[0090] The present invention laminates include nearly any combination of pervious or non-pervious pressure sensitive adhesive (PSA) layers, such as layer 30 in Figure 1 , and pervious or non-pervious backing assemblies having a layer providing controlled flow, such as layer 40 in Figure 1. For example, in one aspect, the present invention includes a laminate comprising a pervious layer of a PSA and a pervious backing. In another aspect, the invention includes a laminate comprising a non-pervious layer of a PSA and a pervious backing. In another aspect, the invention includes a laminate comprising a pervious layer of PSA and a non-pervious backing. And, in another aspect, the invention includes a laminate comprising a non-pervious layer of PSA and a non-pervious backing. An example of a non- pervious backing is an occlusion laminate with a continuous facestock. An example of a non-pervious PSA is a conventional continuously coated adhesive. Examples of a pervious backing are perforated layers, non-woven materials, paper, cloth, etc. Examples of a pervious PSA include an open cell foam adhesive, microfibrous adhesives such as described in US Patent 6,368,687, perforated adhesive layers, adhesive layers defining embossed channels, patterned coatings of adhesives such as described in US Patent 6,495,229, and adhesives with one or more phases or materials that serve as conduits. [0091] The adhesiveness of the present invention laminates can be increased through embossing of the adhesive through the multilayer liner. The embossing method may include placing a mesh between the liner and the adhesive, creating patterns in the adhesive. As a result, adhesive may now flow freely into the areas corresponding to the open area of the mesh increasing the coat weight of the multilayer laminate. Tests have shown that the peel adhesion almost doubles. Even though the adhesiveness increases, the laminate's removability ease after the application of an adhesive deactivating agent is unaffected. [0092] Adhesiveness may also be increased by increasing the coat weight of the adhesive. However even though the adhesiveness decreases if using an adhesive deactivating agent such as HMDS (hexamethyldisiloxane) the adhesiveness of the laminate decreases to approximately 0.3N/in 2 .

[0093] Even higher levels of adhesions of 90 or 120 gsm, decrease to approximately 0.3N/in 2 as soon as they are sprayed with HMDS (hexamethyldisiloxane) [0094] The present invention laminates are preferably adapted to be adhered to a wide range of substrates. A prime example of such substrates is mammalian skin. Although human skin is likely the prime example of application of the invention, it is to be appreciated that the invention may also find use for application to skin and outer body surfaces of other animals. A wide array of uses is thus contemplated even more broadly than just the medical or veterinarian field. For instance the present invention can be used in the signage field, removing large adhesive laminates like retroreflective or graphics products made by the present assignee, for other non-medical areas that have a need for temporary bonding material such as semi-conductor assemblies, wall paper removers, bathroom enclosure fixtures, tire and wheel balancing weight with attachment and detachment assemblies, etc.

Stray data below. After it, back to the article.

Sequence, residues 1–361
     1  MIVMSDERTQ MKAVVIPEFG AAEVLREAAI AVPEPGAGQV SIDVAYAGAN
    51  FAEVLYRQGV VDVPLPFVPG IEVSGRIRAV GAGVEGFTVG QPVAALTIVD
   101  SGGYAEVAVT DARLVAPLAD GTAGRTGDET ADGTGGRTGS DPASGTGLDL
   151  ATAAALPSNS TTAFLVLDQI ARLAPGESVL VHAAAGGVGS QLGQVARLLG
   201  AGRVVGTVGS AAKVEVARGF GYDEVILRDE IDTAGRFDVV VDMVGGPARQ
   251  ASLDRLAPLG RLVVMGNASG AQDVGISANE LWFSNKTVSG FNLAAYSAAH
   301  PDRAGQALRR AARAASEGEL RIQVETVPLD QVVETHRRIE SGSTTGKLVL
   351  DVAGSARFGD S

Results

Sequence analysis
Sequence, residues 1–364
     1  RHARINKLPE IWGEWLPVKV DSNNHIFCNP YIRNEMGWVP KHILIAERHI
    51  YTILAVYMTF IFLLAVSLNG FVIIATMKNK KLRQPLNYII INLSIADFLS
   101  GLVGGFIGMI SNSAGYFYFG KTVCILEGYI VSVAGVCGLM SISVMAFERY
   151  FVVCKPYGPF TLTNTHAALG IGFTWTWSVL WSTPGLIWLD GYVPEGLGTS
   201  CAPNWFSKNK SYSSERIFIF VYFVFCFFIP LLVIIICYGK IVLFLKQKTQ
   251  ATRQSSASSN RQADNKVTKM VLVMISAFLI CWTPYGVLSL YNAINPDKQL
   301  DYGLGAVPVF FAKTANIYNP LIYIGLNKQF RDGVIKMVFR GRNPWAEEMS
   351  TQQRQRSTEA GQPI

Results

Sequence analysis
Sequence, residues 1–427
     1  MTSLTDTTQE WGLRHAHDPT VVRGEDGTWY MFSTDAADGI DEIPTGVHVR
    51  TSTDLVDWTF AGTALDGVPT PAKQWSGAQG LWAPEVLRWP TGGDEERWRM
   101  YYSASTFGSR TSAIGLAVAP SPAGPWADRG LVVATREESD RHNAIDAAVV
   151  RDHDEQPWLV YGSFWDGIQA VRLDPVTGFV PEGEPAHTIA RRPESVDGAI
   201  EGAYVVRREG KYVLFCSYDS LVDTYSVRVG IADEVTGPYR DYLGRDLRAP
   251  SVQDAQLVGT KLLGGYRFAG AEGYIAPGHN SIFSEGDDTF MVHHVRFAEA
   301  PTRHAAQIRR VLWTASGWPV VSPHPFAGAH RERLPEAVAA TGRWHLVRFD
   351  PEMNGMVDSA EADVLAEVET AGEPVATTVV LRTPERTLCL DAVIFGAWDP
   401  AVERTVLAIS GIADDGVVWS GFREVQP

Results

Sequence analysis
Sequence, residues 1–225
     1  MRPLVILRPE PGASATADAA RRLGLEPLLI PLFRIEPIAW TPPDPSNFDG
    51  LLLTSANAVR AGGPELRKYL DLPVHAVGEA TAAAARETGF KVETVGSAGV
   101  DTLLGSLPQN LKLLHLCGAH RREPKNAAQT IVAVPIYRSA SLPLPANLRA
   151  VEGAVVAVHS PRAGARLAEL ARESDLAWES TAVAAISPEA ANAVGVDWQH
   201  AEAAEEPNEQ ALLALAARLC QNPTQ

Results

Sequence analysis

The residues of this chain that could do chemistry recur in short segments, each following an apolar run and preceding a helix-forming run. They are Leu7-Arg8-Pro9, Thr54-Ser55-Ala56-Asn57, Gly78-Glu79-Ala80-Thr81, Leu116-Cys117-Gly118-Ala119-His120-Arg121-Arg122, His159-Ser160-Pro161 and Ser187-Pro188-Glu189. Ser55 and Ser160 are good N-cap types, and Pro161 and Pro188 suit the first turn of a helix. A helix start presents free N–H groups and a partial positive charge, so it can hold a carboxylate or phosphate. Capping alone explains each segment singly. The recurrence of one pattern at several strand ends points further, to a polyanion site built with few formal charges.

Example 1

[0095] An adhesively coated commercial product available from the present assignee under the designation "I-1827A" production laminate (a breathable transparent polyurethane (PU) film), was manually punched with approximately 63 perforations (average diameter of 1/16 inch) per square inch representing a removal of approximately 20% of the adhesive. Figure 2 shows that the measured room temperature 90° peel adhesion on high density polyethylene (HDPE) substrates decreases to about 1 N/in 2 as compared to its original value of 1.9 N/in 2 when left non-perforated. When the laminate is sprayed with hexamethydisiloxane (HMDS) and immediately, or at least within about 15 seconds, peeled, while still wet, the measured adhesion precipitously drops to approximately 0.3 N/in 2 . The peel adhesion quickly restores back to about 1 N/in 2 if the peel measurement is made after the laminate is allowed to completely dry. Similarly, when using Nitac™ TR101 , a "sting- free" medical adhesive remover available from Union Camp, the adhesively adhered article or strip must be peeled off when wet. If let to dry, the adhesive peel value would be similar to the peel value prior to application of Nitac™.